In “Extraordinary”, if you don’t have a superpower at 18, you’ve wasted your life

A fun celebration of the anti-superhero! After Wedding Seasonits first original British production, Disney+ unveils this Wednesday Extraordinary, a completely crazy comedy with a hell of a good dose of this form of humor so characteristic of productions from across the Channel, mixing darkness and absurdity. In many ways, the pitch of this series, unlike its title, is quite familiar. Extraordinary follows a group of friends in their twenties, living in shared accommodation in East London, struggling with the beginnings of adulthood.

Extraordinary takes place in a parallel universe where everyone discovers a superpower on their 18th birthday. Everyone… except Jen (Màriéad Tyrers, who you may have seen in Belfast of Kenneth Branagh), who, at 25, is still waiting to get his. It’s a good thing that the comedy imagined by Emma Moran, the screenwriter of Have I Got News For Youand the producers of Killing Eve either a Disney+ original series, if not its similarities with Encantoanother tale of a young woman who, unlike everyone she knows, is not gifted with powers, might have raised eyebrows.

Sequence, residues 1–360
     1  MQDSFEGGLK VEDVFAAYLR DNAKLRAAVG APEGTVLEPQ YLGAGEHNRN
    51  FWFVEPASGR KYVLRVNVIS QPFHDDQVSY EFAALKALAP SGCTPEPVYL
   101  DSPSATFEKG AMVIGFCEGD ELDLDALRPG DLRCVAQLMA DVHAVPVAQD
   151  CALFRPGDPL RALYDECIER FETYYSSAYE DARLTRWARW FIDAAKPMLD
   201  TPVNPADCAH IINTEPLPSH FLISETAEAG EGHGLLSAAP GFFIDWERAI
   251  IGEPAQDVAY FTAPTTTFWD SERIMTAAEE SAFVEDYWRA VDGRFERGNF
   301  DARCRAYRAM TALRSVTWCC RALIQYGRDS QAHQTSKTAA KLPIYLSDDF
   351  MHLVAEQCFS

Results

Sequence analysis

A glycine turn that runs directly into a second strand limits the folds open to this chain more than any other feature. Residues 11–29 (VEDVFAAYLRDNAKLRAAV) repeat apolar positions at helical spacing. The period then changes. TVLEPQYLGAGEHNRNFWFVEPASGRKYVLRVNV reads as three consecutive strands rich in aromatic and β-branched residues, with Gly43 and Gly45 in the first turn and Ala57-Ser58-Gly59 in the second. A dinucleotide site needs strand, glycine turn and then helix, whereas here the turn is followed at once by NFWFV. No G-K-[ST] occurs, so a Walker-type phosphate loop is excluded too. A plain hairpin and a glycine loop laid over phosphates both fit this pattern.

A “Fleabag” antiheroine

Jen is stuck in a dull job at a costume rental shop and a dead-end relationship with Luke (Ned Portuous), an unreliable young man with the – arguably great, but quite annoying – gift of stealing. Fortunately, the young woman can count on the support of her roommates, Carrie (the star of Poldark, Sofia Oxenham), her best friend, the boyfriend of the latter, Kash (Bilal Hasna) and Jizzlord (Luke Rollason), a shapeshifter trapped in the body of a cat.

Carrie can communicate with the dead, and uses her gift in a law firm to settle the estates of deceased celebrities. Her boyfriend, Kash wants to create a justice league to protect the citizens of London.

Jen is a distant relative of Fleabag. Excruciatingly self-aware, overly honest and endowed with a great sense of self-mockery, Jen has only developed a definite fondness for alcohol and an innate talent for putting herself in situations as catastrophic as they are funny. . “Sometimes I wonder if I’m a little racist,” she says during a job interview in which she is asked to list her faults and qualities.

A succession of hilarious gags and punchlines

Throughout the season, Jen searches for her superpower. A man who can “transform anything into a PDF”, another who has “an ass that prints in 3D”, or even a “loving” woman… Some will see in Extraordinary a metaphor on this coming-of-age crisis or a commentary on how people’s talent is misused…

But what is quite extraordinary in Extraordinary, it is above all his ability to never take himself seriously. Each episode is a series of absurd gags, grand-guignolesque situations, ironic humor, sharp punchlines. In short, an extraordinary cure for the January blues.

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